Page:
8. The method of claim 4, wherein the slurry is introduced into the interior of a candle filter in the first vessel with liquid metal flowing through the candle filter and out of the first vessel.
9. The method of claim 4, wherein the inert environment for the first and second vessels is an argon atmosphere.
10. The method of claim 9, wherein the condenser is operated in an argon atmosphere.
11. The method of claim 4, wherein the environments of the first and second vessels are protected from contamination by oxygen during the production of metal powder substantially free of salt and liquid metal.
Description
BACKGROUND OF THE INVENTION

This invention relates to a separation system and process as illustrated in FIG. 1 useful for the product produced by Armstrong method as disclosed and claimed in U.S. Pat. Nos. 5,779,761; 5,958,106 and 6,409,797, the disclosures of each and every one of the above-captioned patents are incorporated by reference.

SUMMARY OF THE INVENTION

A principal object of the invention is to provide a separation system for the Armstrong process disclosed in the '761, '106 and '797 patents;

Another object of the invention is to provide a continuous separation system.

The invention consists of certain novel features and a combination of parts hereinafter fully described, illustrated in the accompanying drawings, it being understood that various changes in the details may be made without departing from the spirit, or sacrificing any of the advantages of the present invention.

BRIEF DESCRIPTION OF THE DRAWINGS

FIG. 1 is a schematic illustration of the separation system of the present invention.

DETAILED DESCRIPTION OF THE INVENTION

The system 10 of the present invention deals with the separation of a metal, alloy or ceramic product, such as titanium, for example only, from the reaction products in the Armstrong process. Although the Armstrong process is applicable to a wide variety of exothermic reactions, it is principally applicable to metals, mixtures, alloys and ceramics disclosed in the above-mentioned patents. The product of Armstrong process is a slurry of excess reductant metal, product metal and alloy or ceramic and salt produced from the reaction. This slurry has to be separated so that various parts of it can be recycled and the produced metal, alloy or ceramic separated and passivated if necessary.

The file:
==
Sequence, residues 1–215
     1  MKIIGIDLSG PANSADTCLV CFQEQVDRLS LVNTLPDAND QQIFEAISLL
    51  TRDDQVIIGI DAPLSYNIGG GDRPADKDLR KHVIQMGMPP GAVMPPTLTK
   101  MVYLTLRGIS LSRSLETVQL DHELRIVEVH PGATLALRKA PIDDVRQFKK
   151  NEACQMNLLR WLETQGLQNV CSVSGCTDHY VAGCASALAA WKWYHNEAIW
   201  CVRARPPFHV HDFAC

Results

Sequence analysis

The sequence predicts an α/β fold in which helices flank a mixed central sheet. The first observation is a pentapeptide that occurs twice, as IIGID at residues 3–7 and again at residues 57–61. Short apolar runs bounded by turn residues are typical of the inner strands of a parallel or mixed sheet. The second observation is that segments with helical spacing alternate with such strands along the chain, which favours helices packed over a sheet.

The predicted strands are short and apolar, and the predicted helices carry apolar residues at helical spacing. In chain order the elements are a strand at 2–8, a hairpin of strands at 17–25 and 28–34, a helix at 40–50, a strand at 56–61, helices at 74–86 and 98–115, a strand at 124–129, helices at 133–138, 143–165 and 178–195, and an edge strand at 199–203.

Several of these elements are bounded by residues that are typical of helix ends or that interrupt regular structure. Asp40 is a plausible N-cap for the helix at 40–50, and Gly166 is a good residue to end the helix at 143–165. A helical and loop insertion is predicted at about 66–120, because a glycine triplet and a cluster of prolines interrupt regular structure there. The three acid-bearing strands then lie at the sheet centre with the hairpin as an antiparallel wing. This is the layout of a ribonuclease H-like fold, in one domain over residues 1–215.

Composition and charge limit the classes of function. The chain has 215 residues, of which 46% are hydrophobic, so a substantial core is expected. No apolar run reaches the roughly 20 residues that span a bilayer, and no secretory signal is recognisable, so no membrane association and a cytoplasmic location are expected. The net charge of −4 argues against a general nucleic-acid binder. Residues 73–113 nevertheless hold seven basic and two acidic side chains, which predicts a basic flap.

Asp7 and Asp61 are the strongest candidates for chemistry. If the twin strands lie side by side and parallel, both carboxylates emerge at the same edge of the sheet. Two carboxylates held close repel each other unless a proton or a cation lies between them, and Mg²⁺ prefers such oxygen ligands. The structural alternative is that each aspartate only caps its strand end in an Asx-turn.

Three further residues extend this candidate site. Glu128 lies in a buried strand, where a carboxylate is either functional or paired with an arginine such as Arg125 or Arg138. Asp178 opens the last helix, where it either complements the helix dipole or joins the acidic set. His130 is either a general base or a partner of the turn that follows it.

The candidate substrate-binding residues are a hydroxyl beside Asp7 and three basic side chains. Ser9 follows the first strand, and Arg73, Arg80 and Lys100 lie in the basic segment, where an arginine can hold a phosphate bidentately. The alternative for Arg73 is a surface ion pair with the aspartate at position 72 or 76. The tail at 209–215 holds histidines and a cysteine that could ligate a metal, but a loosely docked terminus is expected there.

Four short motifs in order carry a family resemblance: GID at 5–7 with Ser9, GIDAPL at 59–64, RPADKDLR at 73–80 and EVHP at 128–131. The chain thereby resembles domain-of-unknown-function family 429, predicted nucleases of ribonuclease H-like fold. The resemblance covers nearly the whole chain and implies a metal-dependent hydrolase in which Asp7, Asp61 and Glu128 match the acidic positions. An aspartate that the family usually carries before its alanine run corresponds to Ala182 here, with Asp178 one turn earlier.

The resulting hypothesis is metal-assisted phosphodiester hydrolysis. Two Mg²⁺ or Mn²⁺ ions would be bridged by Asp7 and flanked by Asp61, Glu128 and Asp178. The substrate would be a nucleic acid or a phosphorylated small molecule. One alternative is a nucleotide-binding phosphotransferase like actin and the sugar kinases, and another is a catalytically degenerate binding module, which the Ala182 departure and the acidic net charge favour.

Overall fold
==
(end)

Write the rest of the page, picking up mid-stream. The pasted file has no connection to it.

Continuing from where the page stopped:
Turning now to the schematic illustration of the system and process of the present invention illustrated in FIG. 1, there is disclosed in the system 10 a source of, for illustration purposes only, titanium tetrachloride 12 which is introduced into a reactor 15 of the type hereinbefore disclosed in the Armstrong process. A supply tank or reservoir 17 with a supply of sodium (or other reductant) 18 is transferred by a pump 19 to the reactor 15 wherein a slurry product 20 of excess reductant and metal, alloy or ceramic, and salt is produced at an elevated temperature, all as previously described in the incorporated patents.

The slurry product 20 is transferred to a vessel 25 which is in the illustration dome-shaped, but not necessarily of that configuration, the vessel 25 having an interior 26 into which the slurry product 20 is introduced. A filter 27, preferably but not necessarily cylindrical, is positioned within the interior 26 and defines an annulus 28, the slurry product 20 being received inside the cylindrical filter 27. An annular heat exchanger 29 is positioned around the vessel 25, all for a purpose hereinafter disclosed.

The vessel 25 further includes a moveable bottom closure 30. Heat exchange plates 32 are connected as will hereinafter be described to an isolated heating system 50. A collection vessel 35 is positioned below the vessel 25 and is sealed therefrom by the moveable bottom closure 30. The collection vessel 35 has an inwardly sloping bottom surface 36 which leads to a crusher 38 and a valve 39 in the outlet 40 of the collection vessel 35.

Finally, a vapor conduit 42 interconnects the top of the vessel 25 and particularly the interior 26 thereof with a condenser vessel 45, the condenser vessel having a heat exchange plate 46 connected, as hereinafter described, to an isolated cooling system 60. The condenser 45 is connected to a condenser reservoir 49, the condensate collected therein being routed to the sodium supply tank or reservoir 17.